According to flight search engine Skyscanner, which has analysed nine million searches for people looking to travel to Spain over the festive period, some of the quietest days to travel to Spain are from the 18th to the 23rd, with the 23rd being the least popular before Christmas.

If you’re wanting to fly to Spain after Christmas, however, you’ll find it even quieter on December 28th, as well as January 1st, 3rd, 4th, 6th and 7th. You may find Spanish cities to be fairly busy however as December 6th and 8th are public holidays.

Conversely, the most popular days to travel are between December 12th and the 17th, so avoid those days if you want to avoid the crowds. 

Who is travelling to Spain this December?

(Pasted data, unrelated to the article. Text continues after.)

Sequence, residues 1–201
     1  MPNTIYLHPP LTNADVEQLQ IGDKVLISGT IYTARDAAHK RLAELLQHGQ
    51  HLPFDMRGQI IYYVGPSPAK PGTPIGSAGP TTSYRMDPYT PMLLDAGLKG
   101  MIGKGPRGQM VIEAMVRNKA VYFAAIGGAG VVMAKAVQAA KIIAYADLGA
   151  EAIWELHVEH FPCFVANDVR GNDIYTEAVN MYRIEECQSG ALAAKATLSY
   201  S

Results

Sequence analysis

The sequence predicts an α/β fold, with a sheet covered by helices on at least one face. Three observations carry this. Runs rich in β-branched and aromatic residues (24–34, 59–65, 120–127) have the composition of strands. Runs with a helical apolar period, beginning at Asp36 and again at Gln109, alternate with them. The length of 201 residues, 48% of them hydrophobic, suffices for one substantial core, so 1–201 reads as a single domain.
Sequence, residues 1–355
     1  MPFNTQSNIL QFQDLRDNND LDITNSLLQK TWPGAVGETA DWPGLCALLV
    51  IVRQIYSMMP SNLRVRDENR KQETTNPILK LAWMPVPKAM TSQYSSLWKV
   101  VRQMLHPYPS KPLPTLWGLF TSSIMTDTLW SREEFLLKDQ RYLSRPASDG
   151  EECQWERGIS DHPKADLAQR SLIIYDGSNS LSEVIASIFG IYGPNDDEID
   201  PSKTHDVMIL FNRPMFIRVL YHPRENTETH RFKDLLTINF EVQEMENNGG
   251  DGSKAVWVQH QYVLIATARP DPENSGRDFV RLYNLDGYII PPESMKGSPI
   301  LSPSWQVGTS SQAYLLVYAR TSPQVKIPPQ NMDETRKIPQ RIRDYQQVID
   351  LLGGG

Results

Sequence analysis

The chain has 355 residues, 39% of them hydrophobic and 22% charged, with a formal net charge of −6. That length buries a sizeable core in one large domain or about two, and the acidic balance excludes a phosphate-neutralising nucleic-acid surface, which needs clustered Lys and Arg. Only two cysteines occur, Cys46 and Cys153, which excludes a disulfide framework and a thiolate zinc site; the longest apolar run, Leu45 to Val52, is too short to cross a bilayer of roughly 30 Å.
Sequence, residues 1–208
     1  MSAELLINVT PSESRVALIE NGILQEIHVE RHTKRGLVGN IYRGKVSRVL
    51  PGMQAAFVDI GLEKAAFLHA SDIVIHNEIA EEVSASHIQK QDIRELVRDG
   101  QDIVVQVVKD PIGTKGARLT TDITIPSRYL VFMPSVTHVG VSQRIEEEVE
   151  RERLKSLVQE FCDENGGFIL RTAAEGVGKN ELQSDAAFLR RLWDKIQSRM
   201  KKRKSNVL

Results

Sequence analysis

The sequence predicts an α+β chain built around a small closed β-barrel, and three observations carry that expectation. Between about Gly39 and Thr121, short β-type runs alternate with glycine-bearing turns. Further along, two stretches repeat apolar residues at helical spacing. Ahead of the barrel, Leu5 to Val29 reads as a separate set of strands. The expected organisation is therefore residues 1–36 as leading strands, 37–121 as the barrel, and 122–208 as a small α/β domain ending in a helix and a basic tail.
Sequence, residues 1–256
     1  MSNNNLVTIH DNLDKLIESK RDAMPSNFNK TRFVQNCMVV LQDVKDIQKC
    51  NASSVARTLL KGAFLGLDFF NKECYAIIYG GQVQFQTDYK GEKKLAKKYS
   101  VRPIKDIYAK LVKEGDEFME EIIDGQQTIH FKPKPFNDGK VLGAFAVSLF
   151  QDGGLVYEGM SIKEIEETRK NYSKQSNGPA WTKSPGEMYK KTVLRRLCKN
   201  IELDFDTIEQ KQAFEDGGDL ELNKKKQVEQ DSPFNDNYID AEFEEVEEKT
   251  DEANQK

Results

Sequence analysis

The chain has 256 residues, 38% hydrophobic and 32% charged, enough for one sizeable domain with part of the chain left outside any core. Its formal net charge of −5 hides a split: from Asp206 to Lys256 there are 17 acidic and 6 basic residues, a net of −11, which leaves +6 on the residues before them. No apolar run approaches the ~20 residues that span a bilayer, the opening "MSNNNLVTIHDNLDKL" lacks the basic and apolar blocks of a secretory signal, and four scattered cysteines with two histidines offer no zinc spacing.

According to new data released by Spain’s Tourism Ministry, during the last month of the year, 7,066,101 people have booked seats, which implies a recovery of 97.4 percent compared to the same month of 2019. 

Forecasts for the early December holidays reveal that Italians, Germans and French are the main tourists who will be visiting Spain. During the puentes and public holidays on December 6th and 8th, Italians will make up the majority of tourists travelling to Spain (23 percent), followed by Germans (17 percent), French (16 percent), British (10 percent) and finally the Portuguese (6 percent).

Airline strikes

Several airline strikes have also been called for this winter, mainly involving low-cost airlines Vueling and Ryanair.

The Vueling strikes are due to take place on Fridays, Saturdays, Sundays, Mondays and public holidays. They began on November 1st 2022 and will run right through the Christmas period to January 31st 2023.